Last month, ESPN revealed that former MMA fighter and current Oklahoma representative Markwayne Mullin was pushing to introduce an amendment to the Muhammad Ali Boxing Reform Act of 2000 that would put MMA under its umbrella. The attempt is a controversial one, as many of the issues that the act deals with don’t really exist in MMA, and MMA fans know first hand how poorly rules and regulations from boxing work when ported into a different sport. The much-reviled 10-point must system for judging and inadequate eye poke rules come to mind.
But with support for the amendment growing in Congress, the UFC has taken steps to fight it. According to PR website O’Dwyters, it has hired Washington D.C. firm Farragut Partners to “communicate with Congress its position on the Muhammad Ali Act.” This isn’t the UFC’s first experience with lobbying, as the company spent over $2 million working to get the ban on MMA lifted in New York state.
So what exactly is in the Ali act? It prevents promoters from managing fighters and demands that promoters divulge the amount of money they’re making to those on their cards. It also requires third party sanctioning bodies to determine fighter rankings and who gets title fights. Last but not least, it sets a limit on all fighter contracts to one year.
So it’s not a surprise that the UFC doesn’t like any of this. The third party sanctioning situation is already a giant mess in boxing and isn’t really required for the UFC, where there are few examples of contenders being overlooked. And while the UFC obviously doesn’t want to open its books to every fighter on every card, it’s undoubtedly the one-year contract maximum that has UFC execs worried.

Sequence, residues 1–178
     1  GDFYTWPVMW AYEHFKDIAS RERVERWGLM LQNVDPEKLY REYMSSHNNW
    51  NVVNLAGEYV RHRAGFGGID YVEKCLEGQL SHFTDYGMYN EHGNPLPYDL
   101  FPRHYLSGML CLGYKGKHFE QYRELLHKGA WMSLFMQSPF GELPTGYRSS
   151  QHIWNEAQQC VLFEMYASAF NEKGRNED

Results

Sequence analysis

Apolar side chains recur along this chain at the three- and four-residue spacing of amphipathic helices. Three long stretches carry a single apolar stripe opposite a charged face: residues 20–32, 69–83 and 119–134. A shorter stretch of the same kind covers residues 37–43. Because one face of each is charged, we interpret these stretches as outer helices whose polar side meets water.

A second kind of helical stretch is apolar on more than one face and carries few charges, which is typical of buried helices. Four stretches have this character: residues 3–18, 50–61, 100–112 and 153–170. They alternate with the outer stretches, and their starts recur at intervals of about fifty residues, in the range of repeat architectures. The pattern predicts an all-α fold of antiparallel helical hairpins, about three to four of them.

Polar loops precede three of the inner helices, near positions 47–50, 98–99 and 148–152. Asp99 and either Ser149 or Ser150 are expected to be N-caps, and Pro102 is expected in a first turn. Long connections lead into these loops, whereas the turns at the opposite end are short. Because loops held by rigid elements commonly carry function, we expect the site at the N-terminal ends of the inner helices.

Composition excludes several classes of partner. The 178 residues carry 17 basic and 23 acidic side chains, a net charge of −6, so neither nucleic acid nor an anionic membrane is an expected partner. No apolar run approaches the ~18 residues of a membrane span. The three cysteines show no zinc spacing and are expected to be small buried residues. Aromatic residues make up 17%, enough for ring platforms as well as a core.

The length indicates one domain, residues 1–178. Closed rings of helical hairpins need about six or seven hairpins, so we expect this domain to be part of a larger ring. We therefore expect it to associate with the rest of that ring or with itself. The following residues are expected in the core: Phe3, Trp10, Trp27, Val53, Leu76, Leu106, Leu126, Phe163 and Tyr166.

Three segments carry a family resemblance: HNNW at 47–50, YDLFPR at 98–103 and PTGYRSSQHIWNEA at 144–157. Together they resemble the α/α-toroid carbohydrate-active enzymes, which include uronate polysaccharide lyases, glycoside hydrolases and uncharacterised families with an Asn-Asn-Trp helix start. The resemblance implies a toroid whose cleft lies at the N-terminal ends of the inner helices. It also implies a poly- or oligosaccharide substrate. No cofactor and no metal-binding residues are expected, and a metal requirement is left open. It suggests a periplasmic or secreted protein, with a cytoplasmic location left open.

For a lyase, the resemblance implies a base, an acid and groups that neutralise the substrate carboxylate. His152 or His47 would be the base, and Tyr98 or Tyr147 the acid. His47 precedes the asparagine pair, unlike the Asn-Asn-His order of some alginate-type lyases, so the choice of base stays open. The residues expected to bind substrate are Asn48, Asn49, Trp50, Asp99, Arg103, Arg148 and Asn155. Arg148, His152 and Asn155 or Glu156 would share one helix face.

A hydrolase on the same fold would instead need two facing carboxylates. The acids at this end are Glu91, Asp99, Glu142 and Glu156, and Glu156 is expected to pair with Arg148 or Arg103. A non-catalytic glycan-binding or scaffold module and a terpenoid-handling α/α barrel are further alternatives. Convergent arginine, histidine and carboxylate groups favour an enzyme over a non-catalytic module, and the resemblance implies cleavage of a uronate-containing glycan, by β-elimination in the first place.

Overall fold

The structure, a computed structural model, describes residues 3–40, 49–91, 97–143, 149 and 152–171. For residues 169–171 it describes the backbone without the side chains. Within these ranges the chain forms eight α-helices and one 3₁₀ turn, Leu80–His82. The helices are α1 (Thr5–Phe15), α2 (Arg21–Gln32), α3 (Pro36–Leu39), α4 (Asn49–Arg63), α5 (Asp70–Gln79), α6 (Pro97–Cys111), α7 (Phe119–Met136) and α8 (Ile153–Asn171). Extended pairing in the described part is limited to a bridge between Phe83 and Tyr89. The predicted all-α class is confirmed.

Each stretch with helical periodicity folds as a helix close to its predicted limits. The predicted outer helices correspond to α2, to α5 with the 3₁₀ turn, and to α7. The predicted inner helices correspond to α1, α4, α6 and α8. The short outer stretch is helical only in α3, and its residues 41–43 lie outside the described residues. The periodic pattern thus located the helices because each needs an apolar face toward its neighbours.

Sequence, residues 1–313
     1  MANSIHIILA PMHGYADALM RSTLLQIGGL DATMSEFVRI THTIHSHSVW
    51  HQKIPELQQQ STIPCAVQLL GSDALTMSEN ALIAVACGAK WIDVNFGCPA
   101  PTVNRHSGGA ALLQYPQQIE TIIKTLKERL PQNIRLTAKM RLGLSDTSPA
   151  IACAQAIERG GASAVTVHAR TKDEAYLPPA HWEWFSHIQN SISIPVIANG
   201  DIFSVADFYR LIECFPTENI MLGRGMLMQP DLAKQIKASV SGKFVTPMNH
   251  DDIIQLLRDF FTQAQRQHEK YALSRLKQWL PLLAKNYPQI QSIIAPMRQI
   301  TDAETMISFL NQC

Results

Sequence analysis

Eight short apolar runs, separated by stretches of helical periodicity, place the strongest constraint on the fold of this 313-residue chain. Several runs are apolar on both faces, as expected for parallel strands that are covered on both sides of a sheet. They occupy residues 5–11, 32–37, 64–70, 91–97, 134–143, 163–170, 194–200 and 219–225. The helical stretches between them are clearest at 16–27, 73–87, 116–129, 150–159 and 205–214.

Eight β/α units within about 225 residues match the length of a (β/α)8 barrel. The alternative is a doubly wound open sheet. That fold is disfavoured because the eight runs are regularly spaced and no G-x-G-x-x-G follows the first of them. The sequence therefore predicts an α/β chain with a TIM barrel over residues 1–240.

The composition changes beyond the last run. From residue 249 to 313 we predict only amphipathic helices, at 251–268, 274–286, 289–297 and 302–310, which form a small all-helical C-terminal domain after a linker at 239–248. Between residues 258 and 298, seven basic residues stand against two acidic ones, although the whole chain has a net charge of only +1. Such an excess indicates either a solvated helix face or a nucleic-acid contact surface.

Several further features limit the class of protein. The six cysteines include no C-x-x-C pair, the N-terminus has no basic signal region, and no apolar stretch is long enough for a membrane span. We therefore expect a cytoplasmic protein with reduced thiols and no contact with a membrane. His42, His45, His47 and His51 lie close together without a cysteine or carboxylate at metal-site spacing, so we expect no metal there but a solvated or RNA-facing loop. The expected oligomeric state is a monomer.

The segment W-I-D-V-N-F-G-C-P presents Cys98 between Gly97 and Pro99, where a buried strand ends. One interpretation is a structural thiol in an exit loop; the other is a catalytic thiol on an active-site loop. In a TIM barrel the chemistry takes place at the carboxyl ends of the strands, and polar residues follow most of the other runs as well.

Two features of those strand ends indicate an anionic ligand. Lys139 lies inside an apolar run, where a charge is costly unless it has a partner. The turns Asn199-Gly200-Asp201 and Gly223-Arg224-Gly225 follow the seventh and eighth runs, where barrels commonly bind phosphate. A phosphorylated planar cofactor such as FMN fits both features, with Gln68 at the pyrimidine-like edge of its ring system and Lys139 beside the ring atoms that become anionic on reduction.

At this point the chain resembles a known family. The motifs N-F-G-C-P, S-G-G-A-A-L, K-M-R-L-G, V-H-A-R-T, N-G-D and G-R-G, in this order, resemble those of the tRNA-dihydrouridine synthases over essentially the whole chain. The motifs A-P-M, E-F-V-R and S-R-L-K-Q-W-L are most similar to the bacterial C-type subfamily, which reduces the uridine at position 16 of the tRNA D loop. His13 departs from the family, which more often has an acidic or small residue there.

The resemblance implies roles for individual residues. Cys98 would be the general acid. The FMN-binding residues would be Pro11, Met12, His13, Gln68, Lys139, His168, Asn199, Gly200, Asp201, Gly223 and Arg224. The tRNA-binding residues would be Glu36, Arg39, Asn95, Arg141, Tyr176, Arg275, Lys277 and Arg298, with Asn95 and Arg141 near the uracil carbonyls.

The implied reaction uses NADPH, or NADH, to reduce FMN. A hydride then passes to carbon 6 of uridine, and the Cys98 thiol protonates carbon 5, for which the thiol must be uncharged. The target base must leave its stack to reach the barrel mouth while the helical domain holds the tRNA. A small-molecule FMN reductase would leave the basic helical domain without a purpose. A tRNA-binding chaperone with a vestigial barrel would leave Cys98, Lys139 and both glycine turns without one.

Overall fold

The UFC likes to lock its fighters down in six fight, three-year contracts. There are often exclusive negotiation periods attached to the end of these deals that themselves can last up to a year. Dropping deals down to a 12-month stretch would completely change the sport and open things up for other organizations and promoters to try to snatch up top UFC talent.
Then there’s the question as to whether the government should even be forcing more regulations onto mixed martial arts. They don’t regulate any other sport, so what gives them the mandate to keep determining how mixed martial arts is run? As ESPN’s Thomas Hauser put it, “Boxing is allowed to exist as an exception to state laws against violence on the premise that it will be regulated in a manner that protects the combatants physically and financially.” The Muhammad Ali Act was a response to rampant abuse of fighters by promoters.
Looking at the UFC now, where the company brags about pulling in $600 million in revenue while still paying fighters $8,000 to show and $8,000 to win, the argument can be made that something has to be done to protect these men and women from being financially taken advantage of. Whether expanding the Muhammad Ali Act will accomplish this is a big question, one that will apparently take place in Congress between politicians, fighters…and lobbyists hired by the UFC.